• the centreline of the hole positioned 100mm below the top of the fascia. 

Rainhead

Example overflow calculation 

Site location: Joondalup, Western Australia 

Roof catchment area: 120m2 (12 x10m roof plane) 

Eave gutter length: 10m 

Rainfall intensity for a one-in-100-year 5-minute duration event, from BCA 2016 Table 3.5.2.1 for Joondalup: 180mm/h 

For continuous overflow measures – per metre of gutter, there is 12m of roof catchment area: 180mm/h x 12m = 2160mm/h/m => 0.6L/s/m (divide by 3600 to convert units or refer to Table 3.5.2.3a) 

For dedicated overflow measures – catchment is 120 m2: 180mm/hr x 120m = 21,600mm/h => 6.0L/s (divide by 3600 to convert units or refer to Table 3.5.2.3b) 

Possible solutions: 

Suitable continuous measures: 

Controlled front bead height – 1.5L/s/m capacity > 0.6L/s/m required, therefore is suitable 

Controlled back gap - 1.5L/s/m capacity > 0.6L/s/m required, therefore is suitable 

Suitable dedicated measures: 

Rainhead – 3.5L/s capacity < 6.0L/s required, however two rainheads (3.5L/s x 2 = 7L/s) would be suitable. 

Combined measures: 

Using continuous measure – Front face slotted gutter with 0.5L/s/m capacity < 0.6L/s/m required, leaving 0.1L/s/m to be allowed for by other measures.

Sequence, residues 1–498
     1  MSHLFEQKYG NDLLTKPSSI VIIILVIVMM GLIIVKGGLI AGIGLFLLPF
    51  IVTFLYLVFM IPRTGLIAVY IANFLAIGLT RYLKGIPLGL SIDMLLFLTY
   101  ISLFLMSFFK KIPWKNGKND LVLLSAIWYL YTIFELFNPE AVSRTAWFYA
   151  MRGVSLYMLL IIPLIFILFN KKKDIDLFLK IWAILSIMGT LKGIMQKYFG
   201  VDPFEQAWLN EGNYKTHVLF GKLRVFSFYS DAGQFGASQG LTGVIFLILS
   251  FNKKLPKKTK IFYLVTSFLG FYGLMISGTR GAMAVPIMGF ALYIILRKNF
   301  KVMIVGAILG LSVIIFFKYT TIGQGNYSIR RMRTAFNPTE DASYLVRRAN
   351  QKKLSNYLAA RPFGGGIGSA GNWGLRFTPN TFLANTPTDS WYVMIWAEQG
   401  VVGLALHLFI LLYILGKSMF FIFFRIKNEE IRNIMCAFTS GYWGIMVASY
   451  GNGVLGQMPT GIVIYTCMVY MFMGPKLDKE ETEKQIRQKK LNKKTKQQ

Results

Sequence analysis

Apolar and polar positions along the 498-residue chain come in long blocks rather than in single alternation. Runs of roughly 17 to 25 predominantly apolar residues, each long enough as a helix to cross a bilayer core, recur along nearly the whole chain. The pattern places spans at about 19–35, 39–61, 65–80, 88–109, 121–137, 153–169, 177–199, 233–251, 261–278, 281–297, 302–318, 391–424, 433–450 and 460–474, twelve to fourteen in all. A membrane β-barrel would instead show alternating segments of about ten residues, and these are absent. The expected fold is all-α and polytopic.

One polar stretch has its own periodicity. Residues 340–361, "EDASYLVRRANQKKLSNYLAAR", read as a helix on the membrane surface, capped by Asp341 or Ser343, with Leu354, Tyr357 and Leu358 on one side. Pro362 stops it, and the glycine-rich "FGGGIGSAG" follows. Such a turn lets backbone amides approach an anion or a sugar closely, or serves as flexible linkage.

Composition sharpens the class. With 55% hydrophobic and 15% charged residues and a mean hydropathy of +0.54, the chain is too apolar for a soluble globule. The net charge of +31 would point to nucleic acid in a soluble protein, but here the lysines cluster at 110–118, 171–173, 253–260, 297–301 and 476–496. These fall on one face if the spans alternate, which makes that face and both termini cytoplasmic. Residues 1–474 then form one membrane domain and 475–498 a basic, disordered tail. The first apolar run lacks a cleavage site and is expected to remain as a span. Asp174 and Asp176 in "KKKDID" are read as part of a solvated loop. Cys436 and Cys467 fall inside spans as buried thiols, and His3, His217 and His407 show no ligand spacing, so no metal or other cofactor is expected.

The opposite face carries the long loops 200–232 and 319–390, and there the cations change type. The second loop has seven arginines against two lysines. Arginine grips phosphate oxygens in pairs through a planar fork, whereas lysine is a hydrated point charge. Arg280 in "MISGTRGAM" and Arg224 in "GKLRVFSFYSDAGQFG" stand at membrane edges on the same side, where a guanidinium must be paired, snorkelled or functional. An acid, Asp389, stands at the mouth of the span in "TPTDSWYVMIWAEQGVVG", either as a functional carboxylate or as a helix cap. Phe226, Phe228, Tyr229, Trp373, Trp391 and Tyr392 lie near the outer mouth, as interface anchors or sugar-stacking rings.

Dedicated measures can be used for remaining required capacity: 

Inverted nozzle – 1.2L/s capacity

At 0.1L/s/m, max 12m of gutter can be covered by this solution. As length in this case is 10m, this combination will be suitable. 

Front face weir – 1.0L/s capacity

At 0.1L/s/m, max 10m of gutter can be covered by this solution. As length in this case is 10m, this combination will be suitable. 

End stop weir – 0.5L/s capacity

At 0.1L/s/m, max 5m of gutter can be covered by this solution. As length in this case is 10m, two end stop weirs would be required. Probability of successful installation should be considered. 

Note: Care should be taken to ensure that the overflow volume on lower levels considers any overflow that may fall from upper levels onto the lower roof. 

Note: The ABCB provides a calculator for determining overflow volumes and the suitable combinations of overflow measures required. This may be used as part of documentary evidence for the project subject to acceptance by the approval authority. 

To find out more, contact HIA’s Building Services team.